COVID-19, Can Vitamin D Help Against The Disease?

COVID-19 Susceptibility
Credit: LiveScience

COVID-19 is influencing the lives of people around the globe. However, certain factors account for increasing the risk of the disease. Scientists have been suggesting vitamin D supplements during pandemic conditions. Vitamin D is essential for good bone and teeth health, as well as a vital element for the absorption of calcium. However, researchers have credited the vitamin for performing various functions, for instance boosting the immune system.

A review by the BMJ gives information on whether vitamin D consumption prevents acute respiratory infections or not. The study had 11,000 study participants. The findings confirm the role of vitamin D supplements in protecting against acute respiratory tract infections.

Researchers are working tirelessly to discover an association between vitamin D intake and recovery from coronavirus. 

Why choose a Vitamin D supplement?

A 2017 study makes it evident that vitamin D serves a role in the protection against the novel virus. The research enlightens that adequate vitamin D levels aid in fighting the SARS-CoV-2 virus. Thus, preventing various respiratory tract infections like COVID-19.

ALSO READ: COVID-19: Research Confirms the Need to Add Vitamin D and A to Diet

People with dark skin tone possess more melanin, who are residents in the Northern latitudes and lack adequate vitamin D levels.  

On exposure to sunlight, a metabolite of cholesterol converts into an inactive form of vitamin D, particularly ultraviolet B (UVB light). This inactive-form of vitamin D further gets chemically modified in the liver and the kidneys.

Melanin protects the cells from UVB light. Therefore, the darker an individual is, the more UVB light is required to meet the desired levels of vitamin D.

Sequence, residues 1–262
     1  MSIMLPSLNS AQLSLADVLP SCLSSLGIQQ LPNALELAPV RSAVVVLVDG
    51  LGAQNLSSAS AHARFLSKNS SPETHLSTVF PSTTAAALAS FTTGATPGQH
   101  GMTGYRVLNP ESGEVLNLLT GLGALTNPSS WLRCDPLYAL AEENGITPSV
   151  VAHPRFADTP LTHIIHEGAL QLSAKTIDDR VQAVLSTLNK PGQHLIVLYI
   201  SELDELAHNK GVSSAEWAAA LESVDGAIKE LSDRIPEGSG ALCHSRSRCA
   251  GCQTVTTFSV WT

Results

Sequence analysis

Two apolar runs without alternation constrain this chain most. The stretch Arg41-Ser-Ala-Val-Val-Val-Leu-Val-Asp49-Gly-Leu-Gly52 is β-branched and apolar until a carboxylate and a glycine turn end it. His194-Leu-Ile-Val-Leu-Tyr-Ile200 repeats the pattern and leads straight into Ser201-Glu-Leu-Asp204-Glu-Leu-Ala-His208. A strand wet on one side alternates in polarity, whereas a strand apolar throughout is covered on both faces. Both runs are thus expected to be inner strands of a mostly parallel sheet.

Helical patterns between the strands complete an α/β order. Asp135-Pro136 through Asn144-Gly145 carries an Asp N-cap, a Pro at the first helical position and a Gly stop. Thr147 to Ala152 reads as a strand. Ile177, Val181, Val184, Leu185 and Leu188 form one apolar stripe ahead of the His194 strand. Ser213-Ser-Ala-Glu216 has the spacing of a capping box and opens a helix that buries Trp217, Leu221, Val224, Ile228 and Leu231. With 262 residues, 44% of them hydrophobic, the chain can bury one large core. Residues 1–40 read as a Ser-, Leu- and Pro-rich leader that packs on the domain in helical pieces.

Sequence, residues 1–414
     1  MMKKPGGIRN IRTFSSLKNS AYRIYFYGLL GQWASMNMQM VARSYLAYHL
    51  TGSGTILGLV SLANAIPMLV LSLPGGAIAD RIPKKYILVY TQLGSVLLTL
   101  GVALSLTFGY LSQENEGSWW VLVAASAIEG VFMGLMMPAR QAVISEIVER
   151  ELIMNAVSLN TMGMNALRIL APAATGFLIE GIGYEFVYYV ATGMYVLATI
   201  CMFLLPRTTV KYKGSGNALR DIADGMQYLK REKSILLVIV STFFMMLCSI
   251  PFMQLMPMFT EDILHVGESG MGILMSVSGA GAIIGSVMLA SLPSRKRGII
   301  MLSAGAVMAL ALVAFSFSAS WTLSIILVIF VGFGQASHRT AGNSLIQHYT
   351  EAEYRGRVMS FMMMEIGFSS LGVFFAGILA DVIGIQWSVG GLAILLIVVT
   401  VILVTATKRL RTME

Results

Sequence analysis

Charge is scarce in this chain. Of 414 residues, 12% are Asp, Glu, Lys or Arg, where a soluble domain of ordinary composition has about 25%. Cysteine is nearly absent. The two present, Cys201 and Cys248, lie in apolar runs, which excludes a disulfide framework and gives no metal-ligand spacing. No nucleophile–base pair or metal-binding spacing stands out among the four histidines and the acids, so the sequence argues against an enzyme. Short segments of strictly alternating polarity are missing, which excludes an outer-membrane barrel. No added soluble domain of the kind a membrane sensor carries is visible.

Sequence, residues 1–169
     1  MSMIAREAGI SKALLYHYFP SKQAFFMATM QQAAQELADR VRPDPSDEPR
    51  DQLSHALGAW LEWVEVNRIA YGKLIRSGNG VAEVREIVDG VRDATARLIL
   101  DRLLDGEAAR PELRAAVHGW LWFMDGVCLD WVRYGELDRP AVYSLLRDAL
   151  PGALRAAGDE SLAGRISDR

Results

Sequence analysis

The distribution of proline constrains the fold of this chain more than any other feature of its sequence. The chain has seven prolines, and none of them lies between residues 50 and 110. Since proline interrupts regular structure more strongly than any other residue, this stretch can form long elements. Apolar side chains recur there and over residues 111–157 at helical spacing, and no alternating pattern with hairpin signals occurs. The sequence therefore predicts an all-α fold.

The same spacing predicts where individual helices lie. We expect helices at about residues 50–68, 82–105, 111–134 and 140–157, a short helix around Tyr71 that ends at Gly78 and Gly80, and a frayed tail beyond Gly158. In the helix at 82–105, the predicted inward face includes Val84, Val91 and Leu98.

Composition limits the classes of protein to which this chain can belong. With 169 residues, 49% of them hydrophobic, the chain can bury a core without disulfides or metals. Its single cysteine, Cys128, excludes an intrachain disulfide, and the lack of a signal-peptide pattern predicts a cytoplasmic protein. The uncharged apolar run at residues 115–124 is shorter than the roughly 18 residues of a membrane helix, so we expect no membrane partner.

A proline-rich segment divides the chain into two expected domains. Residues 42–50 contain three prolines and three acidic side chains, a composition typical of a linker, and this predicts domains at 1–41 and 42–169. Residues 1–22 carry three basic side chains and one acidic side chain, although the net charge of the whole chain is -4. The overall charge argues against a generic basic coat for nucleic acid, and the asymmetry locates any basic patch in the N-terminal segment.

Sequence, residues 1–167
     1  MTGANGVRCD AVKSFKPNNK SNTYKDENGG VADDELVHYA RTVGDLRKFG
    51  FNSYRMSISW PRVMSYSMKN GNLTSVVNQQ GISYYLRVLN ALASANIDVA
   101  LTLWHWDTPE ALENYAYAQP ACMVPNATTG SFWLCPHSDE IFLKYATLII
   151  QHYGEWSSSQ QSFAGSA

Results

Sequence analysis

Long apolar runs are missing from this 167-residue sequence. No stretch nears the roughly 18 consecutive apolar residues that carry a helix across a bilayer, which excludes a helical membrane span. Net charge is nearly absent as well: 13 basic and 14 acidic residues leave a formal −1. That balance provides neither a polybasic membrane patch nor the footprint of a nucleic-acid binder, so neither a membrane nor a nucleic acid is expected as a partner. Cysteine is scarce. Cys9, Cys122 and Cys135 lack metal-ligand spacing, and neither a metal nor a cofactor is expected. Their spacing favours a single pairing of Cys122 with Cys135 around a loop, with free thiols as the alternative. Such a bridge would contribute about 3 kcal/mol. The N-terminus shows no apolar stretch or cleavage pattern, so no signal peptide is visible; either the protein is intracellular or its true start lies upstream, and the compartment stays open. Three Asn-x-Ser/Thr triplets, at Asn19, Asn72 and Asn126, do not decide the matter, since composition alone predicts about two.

According to the American Journal of Clinical Nutrition, about 17.5% of Black study participants are more prone to vitamin D deficiency in the United States. 

Recent research states that black people are more likely to die of COVID-19 than white people.

Digging To Explore More

In June, the National Institute for Health and Care Excellence stated that there is a lack of evidence supporting the consumption of vitamin D supplements for treating COVID-19.  

Furthermore, in August, the University of Glasgow put forward the findings of their research. The study involved 341,484 participants who took vitamin D supplements. Out of these, 656 individuals become victims of COVID-19. And 203 lost their lives. 

Thus, the study declares there lies no association between the vitamin D intake and treatment of COVID-19. 

Vitamin D and COVID-19 Complications

A study report in Medical News Today states that vitamin D levels in a group of COVID-19 patients who require hospitalization. The findings states, only 32.8% of the 235 patients possess sufficient levels of Vitamin D.

Moreover, the findings make it evident that vitamin D levels are correlated with the severity of COVID-19. 

Furthermore, the study was on a small scale thus lacks considering various confounding factors, which may impact on the severity of the novel virus.

Thus, the demand rises to conduct the study on a larger parameter. Moreover, randomized clinical trials are essential to look into further details.

COVID-19 Impact On Skin Color 

Research shows that people with racial backgrounds are more prone to the novel virus. In the Northern climates, people with darker skin tone lack adequate levels of vitamin D in their bodies. 

ALSO READ: Healthy Lifestyle Helps In Fighting COVID-19

Moreover, there is a demand for a further hypothesis to confirm the extent of the influence of vitamin D level and skin color on developing COVID-19.

The scientists look forward to conducting a study on the African American and Hispanic populations. Due to the high level of vitamin D and bear a disproportionate burden of morbidity and mortality from coronavirus.

Moreover, scientists blame genetics and health conditions for increasing the risk to COVID-19. However, Dr. Winston Morgan suggests there is a lack of evidence suggesting that genes are responsible for building immunity in an individual. 

Furthermore, there is enough evidence suggesting structural racism as a leading factor in why marginalized communities are hit hard by COVID-19.

Tiffany Green states that racialized class and occupational factors in the United States are fundamental factors contributing to the exposure to the SARS-CoV-2 virus.

Furthermore, she emphasizes the intake of a healthy diet, ensuring adequate consumption of vitamin D to boost immunity. 

Adeena Tariq Lari
The author is a graduate of dental surgery from the Dow University Health Sciences, Karachi. She has an academic background in content writing as well as English literature, giving her an edge in the field. Adeena is always curious about physical and mental health. She is always passionate about research and delivering high-quality reliable content to users.